Aggregates
Leslie Kavanaugh

ISBN: 978 90 814933 2 1
Collection of Essays,
separately available for download

Single essay:
5 euro; 2 euro (students)

Aggregates
Box collection

35 euro

  1. The Philosophical Foundations of Network Theory: The Reticulum
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  2. A Place to stand
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  3. Thinking/Making: Aristotle’s Notion of the Creative Intellect
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  4. Collectivity: Or, why can’t we just all get along?
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  5. Towards a Neo-Marxist Theory of Spatio-Temporality
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  6. Situating Situationism: Wandering Around New Babylon with Mille Plateaux
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  7. The Architect as Humanist
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  8. Brentano on Space
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  9. The Ontology of Dwelling
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  10. Architecture in the Age of Digital Representation
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  11. Wide Open (not Shut): from Surveillance to Sousveillance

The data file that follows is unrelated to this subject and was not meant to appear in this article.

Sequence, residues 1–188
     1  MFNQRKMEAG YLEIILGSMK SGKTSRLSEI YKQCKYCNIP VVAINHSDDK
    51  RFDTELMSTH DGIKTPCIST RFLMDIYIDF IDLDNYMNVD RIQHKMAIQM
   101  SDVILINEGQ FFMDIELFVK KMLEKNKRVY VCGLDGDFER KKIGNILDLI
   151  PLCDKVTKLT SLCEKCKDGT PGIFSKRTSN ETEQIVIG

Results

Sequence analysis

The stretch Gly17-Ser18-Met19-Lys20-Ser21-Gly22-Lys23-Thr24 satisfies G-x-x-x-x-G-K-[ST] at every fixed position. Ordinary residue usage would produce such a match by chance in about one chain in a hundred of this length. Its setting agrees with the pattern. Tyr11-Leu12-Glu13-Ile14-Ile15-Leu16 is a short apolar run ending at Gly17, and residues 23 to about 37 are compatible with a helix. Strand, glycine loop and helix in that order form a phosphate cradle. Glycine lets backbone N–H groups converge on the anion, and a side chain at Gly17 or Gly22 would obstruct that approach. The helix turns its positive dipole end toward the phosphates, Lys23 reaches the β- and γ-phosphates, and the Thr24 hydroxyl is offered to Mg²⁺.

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  12. Slave City vs. VrijStaat: A Tale of Two Cities....Part I
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  13. Time and the City
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  14. The Architectonic
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  15. When Music Becomes Noise
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  16. On the Aggregation and Unity of Monadic Substances
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  17. The Fold: A Plea for le pli
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  18. Book Review: Woud, Auke van der; Een Nieuwe Wereld: Het Ontstaan van het Moderne Nederland (A New world: the Evolution of Modern Netherlands)
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  19. The Architecture of the Embrace
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  20. A Philosophical Intertwining: Merleau-Ponty and Leibniz on Expression and Perception in Space
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Aggregates is a collection of essays that engage philosophical topics adjacent yet germane to architecture; namely, the questions: What is the nature of space and time? How do I as an individual inhabit space? What is my relationship to the world? As such, the works of various philosophers are examined, such as Plato, Aristotle, Heraclitus, Levinas, Heidegger, Brentano, Merleau-Ponty, Kant, Leibniz, Deleuze, Marx, Foucault, Negri-Hardt, Rousseau, Husserl, Horkheimer and Adorno, Baudrillard, and Benjamin. In the etymology of the Latin aggregatus, “to flock together”, aggregate also has the meaning of “to add onto”. To aggregate is to bring together, yet in a way that is the relationship of parts, as opposed to parts that form an inviolate whole. This aggregate, then, should be seen as similar, yet disparate; hanging together, yet autonomous. In this way, the collection of essays, Aggregates is a mere moment in time, a project not complete; indeed, impossible to complete, for the problems posed have no facile answers.


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